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June 13, 2010
Scotland 391 (Berrington 82, Seelaar 3-67) and 77 for 6 (Jonkman 5-21) beat Netherlands 210 (Diepeveen 72*, Parker 4-63) and 257 (Borren 109, Berrington 3-48) by four wickets
Mark Jonkman's opening burst stunned Scotland and raised visions of an unlikely fourth-innings heist before Neil McCallum and Majid Haq ground out victory for the visitors in Deventer. Beginning the last day 13 runs behind, with two wickets standing, Netherlands dominated almost all passages of play on the final day but they had fallen too far behind on the previous days to make it count.
Peter Borren continued his defiance in the first session and progressed from 52 to 109 in aggressive fashion, striking 11 fours and five sixes in all. No. 10 Pieter Seelaar held up the other end to frustrate Scotland, raising 67 with Borren to erase the deficit. After Borren's fall, 22 more were added with Seelaar taking over scoring duties. The innings finally folded with Netherlands 76 ahead, and Scotland had enough time to walk to victory. Jonkman had other ideas though.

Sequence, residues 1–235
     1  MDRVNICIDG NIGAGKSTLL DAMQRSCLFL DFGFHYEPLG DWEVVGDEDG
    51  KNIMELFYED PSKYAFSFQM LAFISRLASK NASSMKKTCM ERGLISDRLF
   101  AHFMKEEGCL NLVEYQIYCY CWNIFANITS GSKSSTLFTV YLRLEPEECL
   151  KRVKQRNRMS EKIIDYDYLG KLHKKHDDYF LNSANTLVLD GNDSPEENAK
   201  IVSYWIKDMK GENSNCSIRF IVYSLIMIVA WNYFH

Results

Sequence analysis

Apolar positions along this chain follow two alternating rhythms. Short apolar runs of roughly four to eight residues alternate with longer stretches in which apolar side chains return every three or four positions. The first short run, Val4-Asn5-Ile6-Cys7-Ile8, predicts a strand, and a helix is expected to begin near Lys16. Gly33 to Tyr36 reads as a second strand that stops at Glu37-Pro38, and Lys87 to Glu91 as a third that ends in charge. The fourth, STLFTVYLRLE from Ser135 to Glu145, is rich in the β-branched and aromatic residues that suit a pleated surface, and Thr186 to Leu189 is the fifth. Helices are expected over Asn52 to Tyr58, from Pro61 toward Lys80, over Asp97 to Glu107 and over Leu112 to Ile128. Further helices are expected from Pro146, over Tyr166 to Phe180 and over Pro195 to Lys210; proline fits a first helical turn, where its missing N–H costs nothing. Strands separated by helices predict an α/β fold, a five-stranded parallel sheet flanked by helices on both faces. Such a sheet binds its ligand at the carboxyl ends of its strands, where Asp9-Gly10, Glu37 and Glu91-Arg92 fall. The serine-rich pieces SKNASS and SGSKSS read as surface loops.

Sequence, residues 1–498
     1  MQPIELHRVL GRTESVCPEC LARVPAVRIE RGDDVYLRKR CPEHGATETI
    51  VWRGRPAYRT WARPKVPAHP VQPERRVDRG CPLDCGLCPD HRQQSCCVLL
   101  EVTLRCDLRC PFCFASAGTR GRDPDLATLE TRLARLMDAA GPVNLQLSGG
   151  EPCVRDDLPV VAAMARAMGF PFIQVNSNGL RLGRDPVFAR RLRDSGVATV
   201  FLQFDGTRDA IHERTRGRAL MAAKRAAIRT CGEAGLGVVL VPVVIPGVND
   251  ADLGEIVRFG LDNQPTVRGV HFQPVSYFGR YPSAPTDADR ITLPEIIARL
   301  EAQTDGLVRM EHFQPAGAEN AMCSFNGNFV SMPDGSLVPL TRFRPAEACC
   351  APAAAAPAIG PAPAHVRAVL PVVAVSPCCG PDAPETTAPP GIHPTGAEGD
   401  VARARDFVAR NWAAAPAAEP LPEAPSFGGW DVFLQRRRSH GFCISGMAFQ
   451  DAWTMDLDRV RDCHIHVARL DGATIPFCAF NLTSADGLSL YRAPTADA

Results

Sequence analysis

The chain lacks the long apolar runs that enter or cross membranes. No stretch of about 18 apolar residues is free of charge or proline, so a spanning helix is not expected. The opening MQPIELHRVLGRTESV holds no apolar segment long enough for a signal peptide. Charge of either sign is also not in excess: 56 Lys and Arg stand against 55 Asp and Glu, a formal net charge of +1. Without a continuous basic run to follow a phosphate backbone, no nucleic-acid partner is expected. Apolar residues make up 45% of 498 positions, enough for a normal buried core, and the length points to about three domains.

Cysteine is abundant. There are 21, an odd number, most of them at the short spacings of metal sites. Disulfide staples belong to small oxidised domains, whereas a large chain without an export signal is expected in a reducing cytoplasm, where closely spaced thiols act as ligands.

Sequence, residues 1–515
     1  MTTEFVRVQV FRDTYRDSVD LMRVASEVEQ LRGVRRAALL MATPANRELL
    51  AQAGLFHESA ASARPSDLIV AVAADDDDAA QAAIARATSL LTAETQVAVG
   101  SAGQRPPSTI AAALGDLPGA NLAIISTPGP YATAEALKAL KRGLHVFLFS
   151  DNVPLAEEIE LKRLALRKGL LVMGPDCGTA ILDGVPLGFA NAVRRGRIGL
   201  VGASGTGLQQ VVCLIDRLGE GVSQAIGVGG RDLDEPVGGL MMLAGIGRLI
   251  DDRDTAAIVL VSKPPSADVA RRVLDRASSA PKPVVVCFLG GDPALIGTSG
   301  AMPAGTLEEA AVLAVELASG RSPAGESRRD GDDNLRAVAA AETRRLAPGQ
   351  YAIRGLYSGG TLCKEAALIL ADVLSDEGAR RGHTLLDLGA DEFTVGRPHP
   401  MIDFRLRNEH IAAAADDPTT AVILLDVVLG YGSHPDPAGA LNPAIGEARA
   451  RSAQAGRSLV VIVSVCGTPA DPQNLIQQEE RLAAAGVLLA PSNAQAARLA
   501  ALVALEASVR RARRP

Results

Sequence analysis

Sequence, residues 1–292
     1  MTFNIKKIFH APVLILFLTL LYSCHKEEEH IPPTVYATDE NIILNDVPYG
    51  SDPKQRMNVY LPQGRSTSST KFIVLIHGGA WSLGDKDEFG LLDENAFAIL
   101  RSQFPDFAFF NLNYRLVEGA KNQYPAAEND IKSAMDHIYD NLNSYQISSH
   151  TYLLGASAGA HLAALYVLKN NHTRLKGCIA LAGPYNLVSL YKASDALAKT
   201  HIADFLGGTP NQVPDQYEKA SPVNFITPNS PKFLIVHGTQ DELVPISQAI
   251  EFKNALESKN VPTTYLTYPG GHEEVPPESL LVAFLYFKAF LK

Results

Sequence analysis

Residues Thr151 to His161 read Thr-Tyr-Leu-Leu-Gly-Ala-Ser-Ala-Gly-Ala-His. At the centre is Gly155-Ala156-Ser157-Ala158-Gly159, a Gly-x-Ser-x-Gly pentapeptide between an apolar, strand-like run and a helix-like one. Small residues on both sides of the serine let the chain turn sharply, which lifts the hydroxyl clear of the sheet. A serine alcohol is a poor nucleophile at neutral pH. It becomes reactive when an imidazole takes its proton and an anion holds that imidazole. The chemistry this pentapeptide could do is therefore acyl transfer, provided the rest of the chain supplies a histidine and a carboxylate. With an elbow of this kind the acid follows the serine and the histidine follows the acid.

He began his handiwork by dismissing Douglas Lockhart first ball, and intervened again in his second over to castle Qasim Sheikh. The panic button was pressed when Berend Westdijk got the better of Preston Mommsen to leave the score reading 4 for 3. The pressure was squarely on Scotland's middle order and Netherlands cashed in with miserly and incisive bowling. Richie Berrington and Gregor Maiden had no answers to Jonkman, and the innings was in tatters with half the side gone for six runs after 11 overs. McCallum stayed put at the other end as he kept losing partners, the next being Matthew Parker after the addition of 12 runs. That gave Jonkman a special five-for and, at 18 for 6, it was Netherlands' game to win.
However, they were worn down by a determined partnership from McCallum and Haq, with the former taking most of the strike to blunt the Netherlands' attack. Haq slowly grew in confidence and struck several fours, and the pair added 59 in fewer than 10 overs to take their side home.
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Graeme Smith was the last of South Africa's old guard. The roots of the new one need to grow deeper